Part 2: Playing games
In which we lurch around like idiots even more than usual
01. FAAST fun
The Flexible Action and Articulated Skeleton Toolkit is the key tool used to translate your movements into PC inputs. It latches on to the drivers we installed in Part 1 to follow your skeleton and your position in the room and turn this into keyboard inputs.
First things first: grab the latest version of the software from projects.ict.usc.edu/mxr/faast/, extract it, and run the excecutable inside.
02. Hook it up
We'll presume you're sitting down. Under 'Skeleton Mode', select upper body to tell FAAST it only needs to track the highest part of you, and adjust the smoothing value to somewhere around 0.4.
When you click 'Connect', you'll join FAAST to the OpenNI drivers and, hopefully, see an outline of yourself in its main window. Keep this on screen if you can; it's useful to see what translates into what later on.
03. Do the pose
Put yourself in front of the Kinect and get your silhouette in frame. Stick your elbows out to the side, your fists up, and pose like you're Hulk Hogan.
Hold the pose for a couple of seconds and you should pass the Kinect calibration procedure, with the unit locking on to the length of your limbs and the quality of your posture. As Microsoft would say, you are now the controller.
04. Map your controls
Click over to the Actions page, and you'll see the built-in mapping, which relates your leaning from a central position to in-game movements suitable for walking around.
Dive into an appropriate game now - you'll just need to hit Start Emulator, fire up the game, and waggle yourself around to see how it works. Not perfect, we'll admit, but it's a start.
05. Point and shoot
Stop the emulator, go to the mouse tab, and switch mouse control to active. We went for absolute control, the shoulder joint as the centre, 8-inch bounds for each axis, and a movement threshold of 5.
Start the emulator and your flailing arm should translate into mouse movements, meaning you'll be able to make a gun shape with your fingers and relive playground war games to your heart's content.
06. Trigger happy
You can't shoot yet. You'll need to add a custom command to the Actions tab to turn a specific body movement into a trigger action. Stop FAAST's emulation (you might need to force-quit it using the Task Manager), go to the Actions tab, and insert something along the lines of right_arm_up 5 mouse_click left_button (tweak as you see fit) to map the movement of your other hand to a firing action.
Part 3: No Kinect needed
In which we realise that we already had a webcam and thus wasted our money
01. Grab the software
You'll find CamSpace at camspace.com. The idea is that it locks on to objects of a certain colour or size, then follows them around on your webcam, translating their movements into actions in game.
There are a bunch of pre-cooked profiles available for a load of games, but - most irritatingly - you have to save up 'Campoints' to get them. You're given one per day. Er, sorry.
02. Set it up
But you could always just roll one from scratch. Grab a bunch of brightly coloured objects; Camspace needs something that contrasts with the rest of the environment in order to work well.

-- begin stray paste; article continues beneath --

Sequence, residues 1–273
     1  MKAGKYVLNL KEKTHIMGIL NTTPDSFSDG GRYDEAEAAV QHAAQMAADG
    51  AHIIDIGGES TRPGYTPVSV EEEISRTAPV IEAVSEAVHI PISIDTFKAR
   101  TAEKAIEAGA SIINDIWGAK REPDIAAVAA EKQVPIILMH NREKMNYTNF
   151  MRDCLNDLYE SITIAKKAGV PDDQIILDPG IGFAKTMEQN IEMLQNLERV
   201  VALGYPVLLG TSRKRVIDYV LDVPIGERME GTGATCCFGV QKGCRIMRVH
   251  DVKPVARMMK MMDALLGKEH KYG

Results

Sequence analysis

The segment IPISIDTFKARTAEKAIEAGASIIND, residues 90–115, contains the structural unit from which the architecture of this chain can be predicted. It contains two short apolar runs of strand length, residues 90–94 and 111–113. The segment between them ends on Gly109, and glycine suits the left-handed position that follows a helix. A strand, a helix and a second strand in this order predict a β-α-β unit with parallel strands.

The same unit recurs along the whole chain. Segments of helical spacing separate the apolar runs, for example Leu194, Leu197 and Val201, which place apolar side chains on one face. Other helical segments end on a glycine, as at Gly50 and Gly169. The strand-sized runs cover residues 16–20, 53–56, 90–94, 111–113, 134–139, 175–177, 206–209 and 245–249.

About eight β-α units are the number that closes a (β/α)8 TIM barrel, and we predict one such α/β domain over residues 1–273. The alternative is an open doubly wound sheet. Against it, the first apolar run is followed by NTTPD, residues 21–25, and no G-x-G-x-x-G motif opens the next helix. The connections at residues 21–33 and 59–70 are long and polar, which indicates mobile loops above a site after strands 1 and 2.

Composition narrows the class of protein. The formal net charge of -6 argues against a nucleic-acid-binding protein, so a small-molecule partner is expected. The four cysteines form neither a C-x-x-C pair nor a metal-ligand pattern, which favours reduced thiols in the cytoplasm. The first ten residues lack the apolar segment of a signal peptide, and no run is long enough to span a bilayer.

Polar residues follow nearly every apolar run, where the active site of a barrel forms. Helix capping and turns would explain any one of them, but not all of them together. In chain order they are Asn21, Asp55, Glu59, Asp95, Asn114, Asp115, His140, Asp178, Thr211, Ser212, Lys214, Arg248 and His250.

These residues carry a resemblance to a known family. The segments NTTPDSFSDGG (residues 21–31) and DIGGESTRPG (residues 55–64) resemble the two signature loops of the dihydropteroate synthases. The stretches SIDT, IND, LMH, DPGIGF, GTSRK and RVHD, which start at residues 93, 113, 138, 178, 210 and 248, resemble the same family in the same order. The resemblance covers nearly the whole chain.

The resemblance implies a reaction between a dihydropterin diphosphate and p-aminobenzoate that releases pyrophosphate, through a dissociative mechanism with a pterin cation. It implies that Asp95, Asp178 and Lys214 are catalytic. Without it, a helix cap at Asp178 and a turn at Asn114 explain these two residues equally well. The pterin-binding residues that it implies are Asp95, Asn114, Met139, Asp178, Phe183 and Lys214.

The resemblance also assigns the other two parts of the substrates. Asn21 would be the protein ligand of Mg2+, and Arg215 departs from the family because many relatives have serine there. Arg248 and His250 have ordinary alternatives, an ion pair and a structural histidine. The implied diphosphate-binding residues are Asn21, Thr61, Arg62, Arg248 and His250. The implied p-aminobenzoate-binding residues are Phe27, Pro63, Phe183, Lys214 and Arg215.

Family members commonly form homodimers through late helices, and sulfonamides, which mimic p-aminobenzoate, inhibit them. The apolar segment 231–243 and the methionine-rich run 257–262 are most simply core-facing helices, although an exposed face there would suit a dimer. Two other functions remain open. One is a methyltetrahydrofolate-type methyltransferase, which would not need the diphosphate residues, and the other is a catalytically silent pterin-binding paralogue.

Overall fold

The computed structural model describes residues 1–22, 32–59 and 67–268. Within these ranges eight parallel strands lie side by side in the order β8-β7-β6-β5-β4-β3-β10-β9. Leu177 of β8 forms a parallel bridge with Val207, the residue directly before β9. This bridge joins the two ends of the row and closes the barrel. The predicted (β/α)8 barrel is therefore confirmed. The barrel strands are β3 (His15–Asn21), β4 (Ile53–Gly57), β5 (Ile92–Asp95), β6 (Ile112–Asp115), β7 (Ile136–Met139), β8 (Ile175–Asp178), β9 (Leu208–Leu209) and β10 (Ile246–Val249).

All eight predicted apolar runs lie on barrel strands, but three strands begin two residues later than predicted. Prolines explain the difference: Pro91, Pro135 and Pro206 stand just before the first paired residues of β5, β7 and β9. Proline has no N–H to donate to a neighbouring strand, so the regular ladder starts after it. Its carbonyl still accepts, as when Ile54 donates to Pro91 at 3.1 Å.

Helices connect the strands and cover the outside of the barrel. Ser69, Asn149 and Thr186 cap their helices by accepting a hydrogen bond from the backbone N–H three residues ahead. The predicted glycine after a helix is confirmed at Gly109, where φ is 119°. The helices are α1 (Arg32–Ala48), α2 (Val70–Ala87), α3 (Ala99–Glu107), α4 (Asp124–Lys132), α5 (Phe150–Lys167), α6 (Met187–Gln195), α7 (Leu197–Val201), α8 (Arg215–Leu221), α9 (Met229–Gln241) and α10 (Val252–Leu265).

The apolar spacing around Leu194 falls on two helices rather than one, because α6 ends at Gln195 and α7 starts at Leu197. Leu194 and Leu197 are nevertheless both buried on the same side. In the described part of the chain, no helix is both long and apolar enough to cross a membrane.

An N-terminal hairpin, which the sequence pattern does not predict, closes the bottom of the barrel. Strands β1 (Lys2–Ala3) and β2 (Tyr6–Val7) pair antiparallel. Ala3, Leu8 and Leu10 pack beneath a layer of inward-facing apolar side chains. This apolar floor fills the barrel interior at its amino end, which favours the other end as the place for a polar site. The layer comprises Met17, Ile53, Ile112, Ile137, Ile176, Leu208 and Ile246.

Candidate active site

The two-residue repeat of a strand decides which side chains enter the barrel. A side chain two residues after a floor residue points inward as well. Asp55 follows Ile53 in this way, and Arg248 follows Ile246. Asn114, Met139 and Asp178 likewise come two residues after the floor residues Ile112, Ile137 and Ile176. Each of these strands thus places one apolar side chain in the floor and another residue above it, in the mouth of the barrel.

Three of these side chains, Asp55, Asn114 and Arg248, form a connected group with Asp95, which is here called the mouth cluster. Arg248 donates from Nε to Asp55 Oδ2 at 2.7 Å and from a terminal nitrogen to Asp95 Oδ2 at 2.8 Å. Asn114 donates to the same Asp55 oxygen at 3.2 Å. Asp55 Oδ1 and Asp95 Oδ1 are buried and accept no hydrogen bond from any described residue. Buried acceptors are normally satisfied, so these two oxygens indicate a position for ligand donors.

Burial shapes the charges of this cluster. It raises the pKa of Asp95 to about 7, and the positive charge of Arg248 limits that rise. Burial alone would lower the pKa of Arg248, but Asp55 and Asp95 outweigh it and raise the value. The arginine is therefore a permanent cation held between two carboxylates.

A Coke can, for example, or a lurid marker pen. Run the software, then suffer through its horrible calibration game. Now right-click the webcam window, choose Developer Tools, and make your own.
03. The easy bit
Alright. We lied. This isn't the easy bit. But let's say it's relatively straightforward. You'll want to set up the number of objects you want Camspace to track, say what each of them needs to do, and perhaps tweak a few sensitivities to match the specifics of your movement. You should be able to get it working with just about any game - check developers.camspace.com/tutorials/gamecontroller for more.
If you've followed the steps in the tutorial, you'll probably agree with our assertion earlier on that Kinect - and its webcam compatriots - just aren't very good at controlling games. Sorry about that. We did our best.
But they are pretty good at some other things, which you should definitely check out. The Nocolas Burrus' RGBdemo, for instance, is a great example of the technology. Get it running by starting rgbd-viewer.exe (you'll need the drivers we described in Part 1 of the walkthrough on page 83) and check out the 3D view mode. Click and drag the mouse, and you'll see something very nifty - it's you (or whatever you've pointed your Kinect at) mapped in an actual 3D environment. Cool!
You can even export this mapping into a program, such as Meshlab or Blender for further tweaking.
There are plenty of other cool toys available, too. You can also try your hand at charging up and shooting a Dragon Ball Z-style fireball with Kamehameha. Alternatively, you can attempt to 'juggle' virtual balls made out of light with, er, Kinect Juggle.
Heck, you can play classic puzzle games, such as Tetris using utterly impractical kung fu gestures. Lanny Lin has created a configuration file for FAAST that will allow you to do just that. Check out the video of him doing just that at his Lannyland blog.
All of these toys are only the tip of the iceberg of what could potentially emerge from under the many, brilliant minds that make up the homebrew developer community, and it's definitely the community doing the majority of the development. So now it's up to you - will you be the one to make Kinect an essential PC device?
First published in PC Format Issue 256
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